A reader emailed me about an urgent matter involving her very recently passed father.
The woman had been the caregiver to both her parents for many years. She had cashed out all of her retirement in order to care for them. She still had to help her surviving mom. The reason she wrote to me was to see if I had any suggestions on how to pay for her dad’s burial as it was his wish to be buried rather than cremated.
It concerned me that she wanted to try to fund a burial when she had no money, though I understood her motivation.
I do understand the overwhelming desire to honor your loved one’s wishes after they pass away.
It feels like an imperative to carry out those wishes. It has been assigned to you. It is the last thing you must do for someone before you lose the ability to do any for them again. When my father died suddenly from a massive heart attack, I was caught off guard. He and I had had a strained relationship but had mended it before he died. I felt this tremendous desire to represent him when he died. I wanted the gathering after his memorial to be generous. I wanted his house to look great when we sold it; I didn’t want anyone to think he hadn’t been able to take care of it. I spent hours over the next 18 months after his death repairing and fixing up his home to sell. I truly do relate to the motivation this woman felt to bury her father. The fact is, burial is an expensive way to handle a deceased body. Even if you don’t opt for the fancy casket and luxurious interior lining, burials cost thousands of dollars. She did not have the funds.
I suggested she give cremation some thought. I told her that her father could see her from a different perspective now that he had crossed over.
He could see how much she had sacrificed her life and her financial well being and secure future to take care of him.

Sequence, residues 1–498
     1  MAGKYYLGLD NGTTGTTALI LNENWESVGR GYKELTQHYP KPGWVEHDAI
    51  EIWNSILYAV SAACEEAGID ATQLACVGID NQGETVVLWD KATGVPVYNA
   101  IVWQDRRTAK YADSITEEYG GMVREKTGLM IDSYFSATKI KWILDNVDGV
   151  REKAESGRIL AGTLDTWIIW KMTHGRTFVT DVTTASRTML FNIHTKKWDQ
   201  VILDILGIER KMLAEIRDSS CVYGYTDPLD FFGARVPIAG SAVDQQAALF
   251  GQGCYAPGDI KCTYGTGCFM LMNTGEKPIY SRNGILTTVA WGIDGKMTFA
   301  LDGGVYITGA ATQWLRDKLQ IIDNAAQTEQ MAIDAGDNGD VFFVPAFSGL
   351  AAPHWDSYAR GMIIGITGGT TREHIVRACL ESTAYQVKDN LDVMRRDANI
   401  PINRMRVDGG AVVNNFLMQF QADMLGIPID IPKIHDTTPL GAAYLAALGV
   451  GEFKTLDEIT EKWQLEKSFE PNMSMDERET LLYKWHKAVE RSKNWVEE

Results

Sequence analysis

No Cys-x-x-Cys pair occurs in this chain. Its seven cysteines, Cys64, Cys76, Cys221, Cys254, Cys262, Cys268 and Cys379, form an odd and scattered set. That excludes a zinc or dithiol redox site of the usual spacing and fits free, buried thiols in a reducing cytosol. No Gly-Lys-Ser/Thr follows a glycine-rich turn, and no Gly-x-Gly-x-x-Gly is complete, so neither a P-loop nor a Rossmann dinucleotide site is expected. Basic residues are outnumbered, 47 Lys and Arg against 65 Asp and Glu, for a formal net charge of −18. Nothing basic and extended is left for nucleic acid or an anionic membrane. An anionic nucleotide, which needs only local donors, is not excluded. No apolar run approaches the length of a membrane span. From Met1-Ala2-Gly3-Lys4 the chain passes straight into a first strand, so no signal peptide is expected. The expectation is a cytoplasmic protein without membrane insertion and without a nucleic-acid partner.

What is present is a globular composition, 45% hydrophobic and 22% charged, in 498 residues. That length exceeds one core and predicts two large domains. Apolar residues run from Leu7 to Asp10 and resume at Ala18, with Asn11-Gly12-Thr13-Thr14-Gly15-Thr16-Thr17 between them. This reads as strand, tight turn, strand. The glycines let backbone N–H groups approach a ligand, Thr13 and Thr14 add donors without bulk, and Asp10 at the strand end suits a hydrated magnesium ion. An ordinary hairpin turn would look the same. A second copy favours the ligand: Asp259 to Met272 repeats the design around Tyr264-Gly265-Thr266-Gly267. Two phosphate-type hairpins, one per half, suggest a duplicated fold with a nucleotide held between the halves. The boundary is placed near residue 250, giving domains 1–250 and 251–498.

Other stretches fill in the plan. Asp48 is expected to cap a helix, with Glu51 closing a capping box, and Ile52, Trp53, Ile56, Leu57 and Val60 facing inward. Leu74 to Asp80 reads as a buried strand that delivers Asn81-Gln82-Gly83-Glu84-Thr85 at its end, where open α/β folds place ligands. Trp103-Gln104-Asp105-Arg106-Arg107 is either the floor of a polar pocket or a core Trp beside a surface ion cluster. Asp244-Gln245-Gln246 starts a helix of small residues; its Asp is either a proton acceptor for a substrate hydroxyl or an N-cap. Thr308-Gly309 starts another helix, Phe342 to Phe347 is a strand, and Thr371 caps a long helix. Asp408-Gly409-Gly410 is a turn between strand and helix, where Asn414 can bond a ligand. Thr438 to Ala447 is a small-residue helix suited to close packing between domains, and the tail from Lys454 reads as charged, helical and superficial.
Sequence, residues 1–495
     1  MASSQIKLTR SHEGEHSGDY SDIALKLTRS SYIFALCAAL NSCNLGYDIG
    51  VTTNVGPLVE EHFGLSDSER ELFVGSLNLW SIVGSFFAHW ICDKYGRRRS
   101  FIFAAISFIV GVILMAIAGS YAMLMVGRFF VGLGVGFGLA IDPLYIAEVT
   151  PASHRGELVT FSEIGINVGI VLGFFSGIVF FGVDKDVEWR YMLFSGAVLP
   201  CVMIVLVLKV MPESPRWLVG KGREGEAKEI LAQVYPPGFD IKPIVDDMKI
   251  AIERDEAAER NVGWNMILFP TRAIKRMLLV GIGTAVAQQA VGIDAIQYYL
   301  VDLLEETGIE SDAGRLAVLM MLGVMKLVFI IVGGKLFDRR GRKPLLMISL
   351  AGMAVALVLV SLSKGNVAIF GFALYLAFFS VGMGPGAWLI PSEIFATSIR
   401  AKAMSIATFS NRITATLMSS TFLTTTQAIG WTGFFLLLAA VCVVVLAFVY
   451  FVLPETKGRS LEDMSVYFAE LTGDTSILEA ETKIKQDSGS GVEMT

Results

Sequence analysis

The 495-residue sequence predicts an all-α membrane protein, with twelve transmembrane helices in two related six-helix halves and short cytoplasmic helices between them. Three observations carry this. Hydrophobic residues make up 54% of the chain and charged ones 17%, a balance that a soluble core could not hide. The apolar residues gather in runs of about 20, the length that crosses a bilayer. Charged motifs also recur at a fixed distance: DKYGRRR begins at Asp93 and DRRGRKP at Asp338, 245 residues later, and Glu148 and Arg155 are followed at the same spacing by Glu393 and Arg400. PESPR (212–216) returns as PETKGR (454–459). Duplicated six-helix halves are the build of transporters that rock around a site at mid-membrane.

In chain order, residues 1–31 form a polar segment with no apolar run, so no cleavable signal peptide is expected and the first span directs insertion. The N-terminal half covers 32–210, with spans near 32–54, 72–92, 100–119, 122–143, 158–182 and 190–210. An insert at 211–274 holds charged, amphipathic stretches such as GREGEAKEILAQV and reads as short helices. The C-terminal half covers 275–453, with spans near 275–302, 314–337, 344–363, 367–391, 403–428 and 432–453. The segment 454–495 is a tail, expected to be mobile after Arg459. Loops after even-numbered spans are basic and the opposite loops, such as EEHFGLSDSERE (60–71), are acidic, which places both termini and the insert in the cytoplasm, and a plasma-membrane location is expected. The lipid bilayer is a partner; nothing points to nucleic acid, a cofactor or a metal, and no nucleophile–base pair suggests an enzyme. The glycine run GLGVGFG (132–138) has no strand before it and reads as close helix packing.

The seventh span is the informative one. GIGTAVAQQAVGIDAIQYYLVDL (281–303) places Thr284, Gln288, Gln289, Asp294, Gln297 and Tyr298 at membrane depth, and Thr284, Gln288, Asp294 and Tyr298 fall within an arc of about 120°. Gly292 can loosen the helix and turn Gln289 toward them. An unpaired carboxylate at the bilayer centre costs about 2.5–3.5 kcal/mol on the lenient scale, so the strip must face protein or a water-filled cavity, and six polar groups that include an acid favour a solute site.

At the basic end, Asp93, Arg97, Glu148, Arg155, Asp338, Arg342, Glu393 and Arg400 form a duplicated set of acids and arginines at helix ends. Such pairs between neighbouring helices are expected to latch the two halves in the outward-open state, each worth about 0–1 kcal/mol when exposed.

He could see how much she loved him and he is grateful to her. She had gone above and beyond what any parent would ask of their child. I do not believe he would want her to now go into deeper debt to bury a body he no longer needed. I told her that if she could make peace with cremating his remains, I believe he would approve because I don’t think he would care how his former body was disposed of. His religious customs are not the same importance to him now. But if cremation were going to cause her anguish, I would not recommend it because she would have to live with her choice. Only she could decide how the decision would affect her.
Ultimately, the woman wrote again to tell me that she had found a way to fund his burial. It was so important to her and her mother to see him buried. I am happy for her that she was able to fulfill her father’s wishes. When I was able to make my father’s home look beautiful, I felt proud.
But if we are honest with ourselves, while we carry out final wishes on behalf of deceased loved ones, we are really doing it for ourselves.
Completing the assignment makes us feel better; the person who has died isn’t caught up with the demands of this life anymore especially if it is a burden to the loved ones they left behind. We all have a belief system while we reside on this planet. For some it is a religion, for some it is atheism, for others it is superstitions. These beliefs define our personalities and serve us while we live on the Earth. But when we cross over, the rules no longer apply. We no longer have the body we left behind; all of the tenants we agreed to follow here no longer matter there. Those of us who are still here should not hurt ourselves to meet needs that no longer exist.
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